FINALLY, A T.V. series which features a bisexual woman as the MAIN CHARACTER – she starts off with a boyfriend, he dies, and then she seems to develop a preference for always women as the series progresses – but no big deal, that’s just how it is!

The 3%

Most characters are heterosexual but the ‘Utopia’ in the series is founded by a ‘founding trio’ who are in a three-way relationship, and later on in the series it turns out one of the main characters is a Lesbian, but actually very reticent about sex (not that interested in emotional closeness for various reasons) and there is also one transgender character, B list rather than A-list though.


One of the best pieces of T.V. I have ever seen – featuring a bad gay FBI agent and a closet gay Hillbilly – they are not the most savoury of characters, but then again neither are most of the characters in this series which also features possibly the most dysfunctional yet functioning ‘cereal packet nuclear family’ ever.

Star Trek Discovery

The only show I’ve ever seen which features a non-binary character – the show does make a bit of a thing out of this as at one point they explain their sexuality to someone else (not identifying with any gender in particular.

Incidentally the main character ‘ is a woman, but with a traditionally male name – Michael – NEVER questioned which I kind of like. Almost like a subtle challenge to one of the most obvious gender markers.

There are MORE examples…

I kept this to just FOUR examples, but there are many many more – drop your suggestions in the comments.

Or it might be more useful/ difficult to drop new shows which DON’T have a gender diversity theme going on – it seems to be the new norm on Netflix..

For more posts on related topics please see my page on Media Studies

Facebook: putting profit over safety

According to ex Facebook employee Frances Haugen Facebook’s puts its profits over protecting users from harm – over the last several years it has consciously chosen to recommend posts which spread online hate and encourage addictive behaviour rather than protect users.

Haugen has gone on record stating that Facebook’s own research shows that many children show addictive patterns of behaviour when using Instagram – it doesn’t make them happy, but they can’t stop using the app.

She also says that Facebook recommends extremist and radical material to people, creating divisions, because such material holds people’s attention for longer and this increases their advertising revenue. This may well include content that is hateful towards to women and is very much in line with findings from this documentary.

Finally she says that Facebook’s safety department is relatively understaffed compared to other departments – more people are employed in tweaking its algorithm for profit compared to keeping people safe.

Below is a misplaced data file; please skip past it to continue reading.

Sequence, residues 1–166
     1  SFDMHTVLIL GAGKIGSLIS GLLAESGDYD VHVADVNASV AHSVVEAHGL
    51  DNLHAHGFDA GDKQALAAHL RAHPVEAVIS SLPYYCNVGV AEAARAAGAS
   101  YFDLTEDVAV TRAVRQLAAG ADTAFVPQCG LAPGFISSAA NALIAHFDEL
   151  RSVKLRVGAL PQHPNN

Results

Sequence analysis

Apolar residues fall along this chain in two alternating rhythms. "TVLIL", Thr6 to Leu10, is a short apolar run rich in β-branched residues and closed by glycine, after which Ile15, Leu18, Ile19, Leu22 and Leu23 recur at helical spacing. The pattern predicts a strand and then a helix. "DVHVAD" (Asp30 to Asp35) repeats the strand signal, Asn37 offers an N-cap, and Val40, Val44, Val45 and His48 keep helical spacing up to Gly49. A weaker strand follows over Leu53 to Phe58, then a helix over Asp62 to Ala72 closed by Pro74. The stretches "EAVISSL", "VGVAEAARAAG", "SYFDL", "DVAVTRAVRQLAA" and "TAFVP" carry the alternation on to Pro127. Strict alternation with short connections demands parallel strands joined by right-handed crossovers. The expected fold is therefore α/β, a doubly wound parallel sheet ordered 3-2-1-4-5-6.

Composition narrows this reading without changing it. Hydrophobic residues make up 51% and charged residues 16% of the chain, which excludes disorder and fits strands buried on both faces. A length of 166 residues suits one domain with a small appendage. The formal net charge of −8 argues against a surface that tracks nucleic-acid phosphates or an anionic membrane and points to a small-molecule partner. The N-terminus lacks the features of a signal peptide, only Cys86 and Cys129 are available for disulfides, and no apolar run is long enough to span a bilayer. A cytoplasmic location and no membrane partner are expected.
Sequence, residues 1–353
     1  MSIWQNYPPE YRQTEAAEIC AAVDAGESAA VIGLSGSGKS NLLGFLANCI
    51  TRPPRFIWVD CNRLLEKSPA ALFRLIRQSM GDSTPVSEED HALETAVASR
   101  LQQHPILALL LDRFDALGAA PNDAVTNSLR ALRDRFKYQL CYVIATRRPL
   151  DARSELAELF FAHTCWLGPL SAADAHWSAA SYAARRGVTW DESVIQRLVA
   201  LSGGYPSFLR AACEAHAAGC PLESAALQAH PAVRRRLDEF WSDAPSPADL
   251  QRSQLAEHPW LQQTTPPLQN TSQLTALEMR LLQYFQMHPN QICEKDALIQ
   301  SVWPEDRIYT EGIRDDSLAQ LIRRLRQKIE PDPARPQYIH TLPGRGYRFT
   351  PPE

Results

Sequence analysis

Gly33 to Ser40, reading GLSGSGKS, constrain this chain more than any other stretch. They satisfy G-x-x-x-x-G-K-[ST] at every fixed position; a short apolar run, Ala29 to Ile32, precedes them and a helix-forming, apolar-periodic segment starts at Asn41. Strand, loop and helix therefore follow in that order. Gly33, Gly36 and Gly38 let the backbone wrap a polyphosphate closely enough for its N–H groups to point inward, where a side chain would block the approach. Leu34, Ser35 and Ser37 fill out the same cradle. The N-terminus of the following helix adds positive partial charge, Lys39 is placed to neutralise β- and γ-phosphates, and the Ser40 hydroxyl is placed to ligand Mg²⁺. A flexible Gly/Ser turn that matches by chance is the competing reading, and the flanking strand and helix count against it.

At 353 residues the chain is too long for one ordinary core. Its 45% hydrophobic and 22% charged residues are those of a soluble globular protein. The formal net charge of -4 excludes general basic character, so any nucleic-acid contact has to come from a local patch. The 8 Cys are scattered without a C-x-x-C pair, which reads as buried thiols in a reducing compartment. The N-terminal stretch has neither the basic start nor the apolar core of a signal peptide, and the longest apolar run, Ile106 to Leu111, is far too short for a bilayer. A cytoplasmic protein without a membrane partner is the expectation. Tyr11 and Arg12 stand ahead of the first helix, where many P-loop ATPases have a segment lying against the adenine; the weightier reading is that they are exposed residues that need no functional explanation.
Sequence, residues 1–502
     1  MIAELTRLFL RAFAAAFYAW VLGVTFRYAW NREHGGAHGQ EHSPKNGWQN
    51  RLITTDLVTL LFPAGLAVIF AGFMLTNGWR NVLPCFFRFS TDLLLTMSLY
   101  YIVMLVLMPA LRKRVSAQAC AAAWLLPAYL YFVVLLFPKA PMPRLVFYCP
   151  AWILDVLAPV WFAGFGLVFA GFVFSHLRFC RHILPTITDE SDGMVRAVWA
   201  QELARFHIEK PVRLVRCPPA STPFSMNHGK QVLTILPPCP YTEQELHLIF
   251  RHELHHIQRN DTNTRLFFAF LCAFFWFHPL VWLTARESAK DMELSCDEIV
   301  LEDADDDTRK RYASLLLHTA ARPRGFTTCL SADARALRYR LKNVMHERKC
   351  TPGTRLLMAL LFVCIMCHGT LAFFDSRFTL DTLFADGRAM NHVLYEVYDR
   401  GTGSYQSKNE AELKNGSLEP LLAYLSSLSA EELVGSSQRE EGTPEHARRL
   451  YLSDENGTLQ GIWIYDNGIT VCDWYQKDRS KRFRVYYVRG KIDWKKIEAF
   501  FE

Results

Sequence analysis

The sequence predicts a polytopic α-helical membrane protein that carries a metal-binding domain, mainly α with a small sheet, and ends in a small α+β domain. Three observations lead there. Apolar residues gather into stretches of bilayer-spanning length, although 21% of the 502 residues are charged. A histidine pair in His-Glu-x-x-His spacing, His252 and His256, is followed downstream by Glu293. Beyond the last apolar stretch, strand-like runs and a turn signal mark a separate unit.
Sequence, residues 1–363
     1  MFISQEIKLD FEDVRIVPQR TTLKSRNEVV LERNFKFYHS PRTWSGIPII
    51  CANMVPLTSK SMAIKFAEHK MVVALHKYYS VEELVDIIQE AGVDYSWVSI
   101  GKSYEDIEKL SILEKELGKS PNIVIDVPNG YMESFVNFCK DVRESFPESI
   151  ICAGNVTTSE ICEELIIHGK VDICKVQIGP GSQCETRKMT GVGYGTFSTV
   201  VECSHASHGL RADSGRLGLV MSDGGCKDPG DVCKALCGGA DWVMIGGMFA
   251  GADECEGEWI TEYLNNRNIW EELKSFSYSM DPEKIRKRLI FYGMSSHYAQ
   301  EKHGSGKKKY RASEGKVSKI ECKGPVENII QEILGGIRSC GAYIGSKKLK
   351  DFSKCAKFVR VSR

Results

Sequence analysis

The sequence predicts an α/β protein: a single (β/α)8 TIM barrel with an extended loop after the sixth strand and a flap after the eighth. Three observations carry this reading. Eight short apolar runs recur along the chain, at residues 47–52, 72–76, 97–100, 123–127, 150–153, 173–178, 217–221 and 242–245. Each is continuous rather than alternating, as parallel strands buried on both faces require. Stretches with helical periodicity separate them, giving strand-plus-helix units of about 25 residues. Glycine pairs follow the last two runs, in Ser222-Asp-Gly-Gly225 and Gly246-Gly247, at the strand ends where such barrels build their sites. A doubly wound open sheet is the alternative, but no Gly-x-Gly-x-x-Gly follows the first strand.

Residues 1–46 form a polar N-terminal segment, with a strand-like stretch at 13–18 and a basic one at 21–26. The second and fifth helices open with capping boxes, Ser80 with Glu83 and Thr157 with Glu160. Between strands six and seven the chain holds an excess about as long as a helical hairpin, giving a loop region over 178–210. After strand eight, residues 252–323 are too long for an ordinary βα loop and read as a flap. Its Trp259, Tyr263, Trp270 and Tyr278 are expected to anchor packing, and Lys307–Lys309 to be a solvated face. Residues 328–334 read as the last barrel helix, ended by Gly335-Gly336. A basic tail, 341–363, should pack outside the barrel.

And funnily enough Facebook recently announced it would be rebranding to ‘Meta’ – this is typically what companies do when the criticisms mount up – so as deflect negative attention away.

Relevance to A-level Sociology

This is of relevance to the Media Option, and is also supporting evidence of how TNCs spread harms, supporting the Marxist Theory of crime (possibly!)


BBC News article on Facebook’s putting profit over user safety.

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A very Sociological Analysis of the Royal Family…

I quite like Russel Brand, as a lot of his content is very sociological and critical and the video below in which he analyses aspects of the recent ‘Royal Rebrand’ of Will and Kate is fit to appear in a sociology text book IMO!

This content is, of course, most relevant to anyone studying the sociology of the media!

The Royal Rebrand

This is Russel Brand’s take on the recent release of Will and Kate’s 10 year wedding anniversary video – in which, according to uncritical mainstream news media, they share aspects of their private lives with the public.

The short video is basically them and their two children spending some time on the beach and in the countryside, and roasting marshmellows on an open fire under and oak tree.

Brand correctly points out that this isn’t in fact Will and Kate sharing aspects of their private lives, there is nothing private about this video. It is an engineered publicity stunt in which ‘every sweater choice and every marshmellow has been carefully agonised over and deliberately selected’ in order to convey a warm and comfortable family image.

He also points out how symbolic the oak tree is – English and long live, just like the royal family.

The Royal Paradox

Brand deepens his analysis by talking of the ‘royal paradox’ – the Royal Family have to walk this bizarre line between being rarified enough to be different from the rest of us and yet similar enough to us so that we can identify them – they need both for us to carry on agreeing to pay them out of the UK tax pot, but the two kind of undermine each other.

This Video = A Royal Rebrand now the Queen’s Days are Numbered

As Brand says, The Queen simply can’t go on forever, and Charles has been ‘tainted by Diana’ (and best not mention Andrew) and so the Royal Institution has to rely on Kate on Wills, especially since Harry and Megan have defected!

Hence this video – it’s an attempt to walk that line, symbolically, between ‘relevant to us’ – it’s a quick social media life update shared widely on social media of the ‘new’ royal family being ‘just like us’, and yet different and rarified, as symbolised by the oak tree – maybe this is an attempt to cast Kate and Wills as the ‘perfect modern-traditional’ family – stable, reliable, dependable, with roots stretching back into tradition.

Will this work?

I agree with Russel that the Royal Institution has no place in a modern (or postmodern) society, the more you think about it, the more it needs to fade away, but there are so many people with a vested interest in keeping it alive into the next generation and this is part of that rebrand it seems.